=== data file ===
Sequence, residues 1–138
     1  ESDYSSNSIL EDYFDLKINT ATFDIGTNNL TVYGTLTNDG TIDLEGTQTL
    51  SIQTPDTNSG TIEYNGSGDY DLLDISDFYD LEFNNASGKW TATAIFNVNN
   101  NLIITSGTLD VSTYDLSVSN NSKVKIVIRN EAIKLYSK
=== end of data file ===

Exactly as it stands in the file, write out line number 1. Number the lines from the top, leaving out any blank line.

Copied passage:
Sequence, residues 1–138